An average 36% of seven sample reinsurance placements of $500m or greater was placed with non-traditional reinsurance markets or using catastrophe bonds, according to data from reinsurance broker Willis Re.
This interesting fact comes to light from a chart presented by James Kent, President of reinsurance broker Willis Re North America, at the recent 2014 Meeting of Reinsurance Officials held in Miami. The chart shows the mix of reinsurance capital used by a sample of $500m+ reinsurance placements.
The data shows that larger reinsurance purchases tend to use more non-traditional (or alternative) reinsurance capital and instruments such as catastrophe bonds.
Conversely, smaller reinsurance buys tend to use less non-traditional capacity, according to the data, with placements of $100m or less tending to be 90% traditional reinsurance capacity.
So what does this show? Bigger reinsurance buyers are more familiar with alternative capital and instruments such as insurance-linked securities (ILS) or catastrophe bonds, hence a larger share of their reinsurance programmes goes to the alternative reinsurance market.
It also shows that for smaller insurers, or buyers of smaller reinsurance programmes, the relationship aspect of the traditional reinsurance market remains the biggest draw at this time. It would , however, be very interesting to see how these numbers have changed over time. We suspect that smaller placements will have grown their non-traditional capacity participation in the last year perhaps just as much as larger placements.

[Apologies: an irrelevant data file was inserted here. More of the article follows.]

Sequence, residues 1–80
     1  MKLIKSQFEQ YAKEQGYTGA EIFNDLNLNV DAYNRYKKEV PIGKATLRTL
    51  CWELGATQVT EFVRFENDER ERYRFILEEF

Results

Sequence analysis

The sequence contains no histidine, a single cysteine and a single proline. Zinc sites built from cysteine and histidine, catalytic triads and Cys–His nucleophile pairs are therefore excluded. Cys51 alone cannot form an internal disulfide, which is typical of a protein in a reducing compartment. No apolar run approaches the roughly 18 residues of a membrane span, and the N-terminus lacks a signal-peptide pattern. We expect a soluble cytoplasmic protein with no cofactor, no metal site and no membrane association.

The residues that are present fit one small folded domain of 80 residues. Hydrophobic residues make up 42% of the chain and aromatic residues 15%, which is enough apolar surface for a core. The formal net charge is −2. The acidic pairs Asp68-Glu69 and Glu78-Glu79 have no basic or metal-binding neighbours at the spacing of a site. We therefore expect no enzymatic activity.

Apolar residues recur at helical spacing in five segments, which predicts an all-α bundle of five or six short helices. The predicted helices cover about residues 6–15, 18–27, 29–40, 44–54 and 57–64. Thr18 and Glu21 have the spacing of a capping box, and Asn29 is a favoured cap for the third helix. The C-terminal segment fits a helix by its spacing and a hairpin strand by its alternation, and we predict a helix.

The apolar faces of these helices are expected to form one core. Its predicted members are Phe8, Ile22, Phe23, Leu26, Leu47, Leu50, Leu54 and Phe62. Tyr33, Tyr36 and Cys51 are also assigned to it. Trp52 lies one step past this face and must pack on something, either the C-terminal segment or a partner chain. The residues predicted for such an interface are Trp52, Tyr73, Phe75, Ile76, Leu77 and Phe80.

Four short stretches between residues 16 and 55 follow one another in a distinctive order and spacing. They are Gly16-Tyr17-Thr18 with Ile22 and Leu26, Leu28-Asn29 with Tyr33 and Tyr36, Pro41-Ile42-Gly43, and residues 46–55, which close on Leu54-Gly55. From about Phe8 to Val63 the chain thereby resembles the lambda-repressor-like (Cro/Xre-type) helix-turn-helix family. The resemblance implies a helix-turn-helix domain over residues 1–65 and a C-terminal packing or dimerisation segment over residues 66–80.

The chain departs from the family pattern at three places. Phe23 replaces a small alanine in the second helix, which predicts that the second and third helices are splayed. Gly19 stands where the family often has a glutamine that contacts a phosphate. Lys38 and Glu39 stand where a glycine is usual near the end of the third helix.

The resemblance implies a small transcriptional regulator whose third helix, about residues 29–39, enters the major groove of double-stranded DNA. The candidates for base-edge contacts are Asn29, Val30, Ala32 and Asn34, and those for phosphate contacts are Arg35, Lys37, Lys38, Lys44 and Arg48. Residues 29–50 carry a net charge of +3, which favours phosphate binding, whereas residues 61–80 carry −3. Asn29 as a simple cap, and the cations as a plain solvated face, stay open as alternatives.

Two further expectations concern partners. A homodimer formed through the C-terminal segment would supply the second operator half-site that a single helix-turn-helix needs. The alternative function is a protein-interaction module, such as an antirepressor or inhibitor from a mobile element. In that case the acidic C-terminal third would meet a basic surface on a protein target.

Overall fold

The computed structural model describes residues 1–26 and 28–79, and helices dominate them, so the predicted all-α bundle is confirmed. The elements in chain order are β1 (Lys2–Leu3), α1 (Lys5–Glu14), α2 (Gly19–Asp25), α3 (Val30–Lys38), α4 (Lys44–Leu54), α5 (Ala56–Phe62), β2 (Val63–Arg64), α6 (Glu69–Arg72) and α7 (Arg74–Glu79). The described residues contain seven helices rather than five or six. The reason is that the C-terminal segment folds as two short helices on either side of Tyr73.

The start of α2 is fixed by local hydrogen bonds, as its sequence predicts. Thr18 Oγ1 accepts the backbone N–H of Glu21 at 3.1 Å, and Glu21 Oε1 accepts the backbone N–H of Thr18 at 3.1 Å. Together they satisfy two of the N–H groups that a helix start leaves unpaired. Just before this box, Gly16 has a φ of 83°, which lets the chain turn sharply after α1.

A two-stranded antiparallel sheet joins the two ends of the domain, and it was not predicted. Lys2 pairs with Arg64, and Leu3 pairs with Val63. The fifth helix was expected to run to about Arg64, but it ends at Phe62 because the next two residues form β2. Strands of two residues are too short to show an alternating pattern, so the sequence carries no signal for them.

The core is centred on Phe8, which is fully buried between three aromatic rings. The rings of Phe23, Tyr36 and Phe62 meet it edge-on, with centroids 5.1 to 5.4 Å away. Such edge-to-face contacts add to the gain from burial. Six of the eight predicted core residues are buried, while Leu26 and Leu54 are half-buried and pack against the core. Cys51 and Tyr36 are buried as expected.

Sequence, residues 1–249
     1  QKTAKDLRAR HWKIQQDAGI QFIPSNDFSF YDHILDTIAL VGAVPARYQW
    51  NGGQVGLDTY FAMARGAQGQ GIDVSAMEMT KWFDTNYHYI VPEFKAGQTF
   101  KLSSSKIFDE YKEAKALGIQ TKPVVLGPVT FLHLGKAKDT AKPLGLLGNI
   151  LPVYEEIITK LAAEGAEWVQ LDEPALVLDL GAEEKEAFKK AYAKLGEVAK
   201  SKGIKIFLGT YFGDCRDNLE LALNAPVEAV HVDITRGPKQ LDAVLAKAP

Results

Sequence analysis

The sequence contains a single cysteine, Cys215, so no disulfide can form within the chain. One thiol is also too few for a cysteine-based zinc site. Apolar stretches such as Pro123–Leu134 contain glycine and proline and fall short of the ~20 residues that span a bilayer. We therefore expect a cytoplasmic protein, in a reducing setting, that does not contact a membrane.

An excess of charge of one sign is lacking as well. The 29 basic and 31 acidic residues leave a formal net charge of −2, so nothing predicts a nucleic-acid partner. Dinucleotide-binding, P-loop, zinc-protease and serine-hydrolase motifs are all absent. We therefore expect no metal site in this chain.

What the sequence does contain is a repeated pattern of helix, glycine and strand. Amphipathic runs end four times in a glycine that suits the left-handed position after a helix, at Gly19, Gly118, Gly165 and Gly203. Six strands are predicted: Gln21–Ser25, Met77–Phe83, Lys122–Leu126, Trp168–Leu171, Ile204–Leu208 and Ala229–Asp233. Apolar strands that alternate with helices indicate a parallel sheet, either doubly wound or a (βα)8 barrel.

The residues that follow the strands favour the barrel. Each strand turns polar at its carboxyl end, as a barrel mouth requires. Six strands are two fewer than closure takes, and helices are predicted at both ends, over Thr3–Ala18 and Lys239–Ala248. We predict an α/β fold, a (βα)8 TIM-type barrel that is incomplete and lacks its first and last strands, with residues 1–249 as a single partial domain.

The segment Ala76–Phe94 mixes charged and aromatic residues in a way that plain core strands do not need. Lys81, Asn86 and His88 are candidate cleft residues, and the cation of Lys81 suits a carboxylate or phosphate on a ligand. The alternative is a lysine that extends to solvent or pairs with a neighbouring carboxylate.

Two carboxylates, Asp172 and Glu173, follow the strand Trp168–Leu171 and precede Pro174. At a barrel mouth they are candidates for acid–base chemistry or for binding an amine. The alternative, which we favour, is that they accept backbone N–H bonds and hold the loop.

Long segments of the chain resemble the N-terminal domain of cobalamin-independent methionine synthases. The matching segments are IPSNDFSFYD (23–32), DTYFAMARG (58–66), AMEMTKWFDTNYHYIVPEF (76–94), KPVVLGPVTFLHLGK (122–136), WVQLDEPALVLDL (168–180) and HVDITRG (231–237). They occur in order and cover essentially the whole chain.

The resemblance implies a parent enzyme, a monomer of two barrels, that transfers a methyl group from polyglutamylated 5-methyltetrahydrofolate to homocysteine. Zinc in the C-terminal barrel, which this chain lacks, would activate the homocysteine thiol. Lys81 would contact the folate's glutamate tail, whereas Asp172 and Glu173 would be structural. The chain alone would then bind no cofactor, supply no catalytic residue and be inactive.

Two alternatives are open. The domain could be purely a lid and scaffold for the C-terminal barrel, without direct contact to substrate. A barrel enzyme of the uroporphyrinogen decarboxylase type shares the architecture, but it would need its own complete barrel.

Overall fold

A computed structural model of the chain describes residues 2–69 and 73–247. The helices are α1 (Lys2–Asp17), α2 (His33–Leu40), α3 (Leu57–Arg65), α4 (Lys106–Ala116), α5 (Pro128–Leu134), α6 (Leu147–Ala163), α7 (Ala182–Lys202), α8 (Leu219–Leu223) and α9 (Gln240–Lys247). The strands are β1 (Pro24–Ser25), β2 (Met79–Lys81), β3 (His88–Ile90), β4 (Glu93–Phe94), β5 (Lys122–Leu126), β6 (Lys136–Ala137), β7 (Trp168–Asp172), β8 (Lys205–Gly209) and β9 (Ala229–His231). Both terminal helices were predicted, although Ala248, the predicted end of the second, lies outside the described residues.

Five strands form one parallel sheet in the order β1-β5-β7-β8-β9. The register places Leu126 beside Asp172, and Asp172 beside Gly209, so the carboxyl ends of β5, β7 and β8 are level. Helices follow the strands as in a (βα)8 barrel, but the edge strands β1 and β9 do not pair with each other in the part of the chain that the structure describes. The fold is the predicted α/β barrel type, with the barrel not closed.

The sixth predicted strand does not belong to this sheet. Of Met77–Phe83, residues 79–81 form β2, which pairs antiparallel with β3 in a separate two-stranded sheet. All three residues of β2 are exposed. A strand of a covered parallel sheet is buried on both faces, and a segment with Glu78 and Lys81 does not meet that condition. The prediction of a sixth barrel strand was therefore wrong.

It may also show that ILS and collateralized capacity feels more at home and better able to find its return sweet spot within larger reinsurance programmes. The competition to serve the smaller reinsurance purchases may also be a lot higher, making the likelihood that alternative capital is deployed in the larger reinsurance placements greater.
It’s also interesting to see the different mixes of non-traditional capacity, in the form of collateralized reinsurance, alongside use of catastrophe bonds. The chart, although just a sample of seven programmes, shows that the reinsurance buyers clearly have different motivations and levels of affinity with different types of protection. There will also be an element of the perils to be covered driving the capacity types, so some buyers find cat bonds more efficient than others depending on the investor appetite in that market, as well as how effective risk models are for their coverage needs, at renewal time.
What this also shows and is important to note for ILS and collateralized players is the opportunity to grow their share of smaller reinsurance programmes is clear. With less than a 10% share of the smaller than $100m reinsurance placements there is an opportunity to increase that.
It stands to reason that insurers and cedants will look to further diversify their reinsurance capital sources over time, as they become more familiar and comfortable with alternative capacity sources. That represents a growth opportunity for the ILS and collateralized markets which may enable more capital to be put to work in future.
We covered James Kent’s presentation in more depth here yesterday: Alternative reinsurance capital, a seismic change: James Kent, Willis Re.
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